“Miniver Cheevy,” which first appeared in Scribner’s Magazine and later in The Town Down the River, presents a character whose name suits him. His name sounds as if it belongs to the medieval past that he wishes still existed. His name also satirically hints at his minimal achievements in life. Miniver maintains that he was born too late, that he should have lived many centuries ago. He childishly romanticizes the Greeks’ siege of Troy, Alexander the Great’s attack on Thebes, and King Arthur’s combat near Camelot, as if such battles were fun. Such mistaken fantasies of past warfare inform his rejection of the khaki military uniform of his own time as too deficient in grandeur. When Miniver speaks of the gracefulness of medieval armor, the outlandishness of his claim is evident because medieval body armor was not graceful.
Besides modern warfare, Miniver finds fault with contemporary politics, which he says fails in comparison to the Renaissance rule of the passionate Medicis in Florence, Italy. Believing he should have been born rich, Miniver will not work and looks down on people who succeed financially. The more readers hear about Miniver, the angrier he seems to become until he curses the change of seasons. This moment, like his notion of graceful body armor, undercuts Miniver’s credibility. It is senseless to rail at something so natural and inevitable as the change of the seasons or the passage of time.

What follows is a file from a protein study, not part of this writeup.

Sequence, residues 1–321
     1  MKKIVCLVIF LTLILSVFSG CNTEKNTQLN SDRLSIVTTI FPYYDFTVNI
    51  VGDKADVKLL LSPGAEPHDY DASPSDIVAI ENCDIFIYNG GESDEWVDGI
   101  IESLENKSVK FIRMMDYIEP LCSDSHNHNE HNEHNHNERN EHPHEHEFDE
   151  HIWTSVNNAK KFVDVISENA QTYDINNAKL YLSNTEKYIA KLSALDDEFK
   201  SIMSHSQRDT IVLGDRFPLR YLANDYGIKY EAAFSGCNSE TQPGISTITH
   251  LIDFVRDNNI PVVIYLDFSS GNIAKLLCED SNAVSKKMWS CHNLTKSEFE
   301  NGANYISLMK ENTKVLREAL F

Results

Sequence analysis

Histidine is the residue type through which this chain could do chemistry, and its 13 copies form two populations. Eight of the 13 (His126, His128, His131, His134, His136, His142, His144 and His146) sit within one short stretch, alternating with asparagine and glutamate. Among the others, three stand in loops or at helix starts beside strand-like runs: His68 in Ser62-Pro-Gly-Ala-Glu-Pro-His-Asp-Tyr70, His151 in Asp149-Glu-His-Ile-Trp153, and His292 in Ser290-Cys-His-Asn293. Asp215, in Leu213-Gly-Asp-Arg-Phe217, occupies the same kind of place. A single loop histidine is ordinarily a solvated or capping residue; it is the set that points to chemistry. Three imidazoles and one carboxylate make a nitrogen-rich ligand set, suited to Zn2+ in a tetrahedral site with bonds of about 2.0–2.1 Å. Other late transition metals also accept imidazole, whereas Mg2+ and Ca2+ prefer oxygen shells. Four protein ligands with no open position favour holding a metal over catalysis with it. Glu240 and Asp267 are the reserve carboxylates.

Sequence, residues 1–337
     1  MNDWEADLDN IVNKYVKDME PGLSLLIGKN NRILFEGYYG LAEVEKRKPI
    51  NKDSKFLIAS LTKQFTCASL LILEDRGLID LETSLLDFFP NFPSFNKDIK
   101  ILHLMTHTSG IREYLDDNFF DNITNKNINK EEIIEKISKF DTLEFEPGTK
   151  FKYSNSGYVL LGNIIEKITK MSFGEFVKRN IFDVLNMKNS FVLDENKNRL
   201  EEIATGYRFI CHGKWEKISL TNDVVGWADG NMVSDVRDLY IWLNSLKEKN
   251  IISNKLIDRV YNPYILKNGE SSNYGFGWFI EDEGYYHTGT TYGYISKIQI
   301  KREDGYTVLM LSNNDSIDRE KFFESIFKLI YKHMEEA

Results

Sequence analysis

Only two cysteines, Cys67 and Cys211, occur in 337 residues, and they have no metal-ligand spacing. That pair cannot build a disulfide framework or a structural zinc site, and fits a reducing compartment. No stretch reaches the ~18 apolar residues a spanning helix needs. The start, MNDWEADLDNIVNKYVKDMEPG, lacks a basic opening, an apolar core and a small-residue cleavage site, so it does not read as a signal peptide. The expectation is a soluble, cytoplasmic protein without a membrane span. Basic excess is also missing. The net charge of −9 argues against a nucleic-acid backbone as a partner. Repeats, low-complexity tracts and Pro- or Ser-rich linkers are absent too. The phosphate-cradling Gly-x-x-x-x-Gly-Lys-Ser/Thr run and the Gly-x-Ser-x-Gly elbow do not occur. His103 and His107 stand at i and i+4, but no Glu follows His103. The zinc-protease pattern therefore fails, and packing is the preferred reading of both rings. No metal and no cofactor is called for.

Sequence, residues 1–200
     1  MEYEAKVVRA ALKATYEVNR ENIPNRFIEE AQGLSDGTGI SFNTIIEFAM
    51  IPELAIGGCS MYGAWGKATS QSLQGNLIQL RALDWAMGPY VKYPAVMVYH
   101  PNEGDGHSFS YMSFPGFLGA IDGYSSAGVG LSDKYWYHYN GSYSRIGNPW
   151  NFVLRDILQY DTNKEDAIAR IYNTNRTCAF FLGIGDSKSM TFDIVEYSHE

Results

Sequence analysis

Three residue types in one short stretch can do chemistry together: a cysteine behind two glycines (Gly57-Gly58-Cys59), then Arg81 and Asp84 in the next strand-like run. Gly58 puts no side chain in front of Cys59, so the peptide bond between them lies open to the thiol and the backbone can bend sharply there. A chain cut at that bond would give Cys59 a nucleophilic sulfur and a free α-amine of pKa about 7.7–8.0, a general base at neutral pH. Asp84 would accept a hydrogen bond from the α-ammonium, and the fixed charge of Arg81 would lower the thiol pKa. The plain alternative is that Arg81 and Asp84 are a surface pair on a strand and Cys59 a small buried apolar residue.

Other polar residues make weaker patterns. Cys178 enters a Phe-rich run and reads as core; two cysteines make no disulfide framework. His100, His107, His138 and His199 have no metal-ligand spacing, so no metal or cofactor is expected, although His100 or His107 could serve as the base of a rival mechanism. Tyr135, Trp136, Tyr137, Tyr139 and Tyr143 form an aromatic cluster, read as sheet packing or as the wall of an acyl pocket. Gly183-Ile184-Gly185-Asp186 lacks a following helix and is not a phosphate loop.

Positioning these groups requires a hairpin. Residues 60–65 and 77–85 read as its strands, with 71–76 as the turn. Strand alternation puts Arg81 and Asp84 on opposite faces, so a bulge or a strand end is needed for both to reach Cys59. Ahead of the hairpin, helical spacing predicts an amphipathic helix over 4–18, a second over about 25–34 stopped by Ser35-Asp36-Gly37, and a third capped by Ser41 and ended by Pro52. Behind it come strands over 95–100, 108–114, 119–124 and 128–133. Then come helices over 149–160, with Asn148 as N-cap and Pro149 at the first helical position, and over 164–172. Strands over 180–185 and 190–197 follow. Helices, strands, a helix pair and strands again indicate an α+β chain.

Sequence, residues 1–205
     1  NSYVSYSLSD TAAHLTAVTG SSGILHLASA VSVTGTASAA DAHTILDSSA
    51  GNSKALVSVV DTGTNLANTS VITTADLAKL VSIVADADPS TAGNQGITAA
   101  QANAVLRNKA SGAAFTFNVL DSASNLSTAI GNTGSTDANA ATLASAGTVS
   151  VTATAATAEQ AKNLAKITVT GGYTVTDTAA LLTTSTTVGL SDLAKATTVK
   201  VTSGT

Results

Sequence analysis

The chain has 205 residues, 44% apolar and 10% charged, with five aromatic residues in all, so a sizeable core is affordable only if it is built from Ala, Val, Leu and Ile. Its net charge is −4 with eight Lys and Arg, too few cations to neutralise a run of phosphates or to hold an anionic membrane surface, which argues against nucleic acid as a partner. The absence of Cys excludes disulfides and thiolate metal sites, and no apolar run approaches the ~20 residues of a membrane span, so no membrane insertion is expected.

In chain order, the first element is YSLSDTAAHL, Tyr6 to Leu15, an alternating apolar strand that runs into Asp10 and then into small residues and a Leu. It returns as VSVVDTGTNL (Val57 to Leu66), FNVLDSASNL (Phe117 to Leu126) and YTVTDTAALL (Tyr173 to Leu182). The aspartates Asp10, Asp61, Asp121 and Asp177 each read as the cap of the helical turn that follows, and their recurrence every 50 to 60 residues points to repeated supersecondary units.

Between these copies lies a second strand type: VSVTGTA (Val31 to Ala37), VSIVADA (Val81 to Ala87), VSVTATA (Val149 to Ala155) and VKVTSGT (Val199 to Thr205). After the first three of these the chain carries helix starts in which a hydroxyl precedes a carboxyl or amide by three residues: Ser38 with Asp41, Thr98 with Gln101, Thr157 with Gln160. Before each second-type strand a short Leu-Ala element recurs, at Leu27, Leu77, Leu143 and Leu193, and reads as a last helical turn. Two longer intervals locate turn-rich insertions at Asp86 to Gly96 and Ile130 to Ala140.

When in the last stanza Miniver coughs and “call[s] it fate,” for him the word “it” refers to his ill-timed life. However, the immediate referent of that word is “cough,” and by joining of two meanings around “it,” the narrator...
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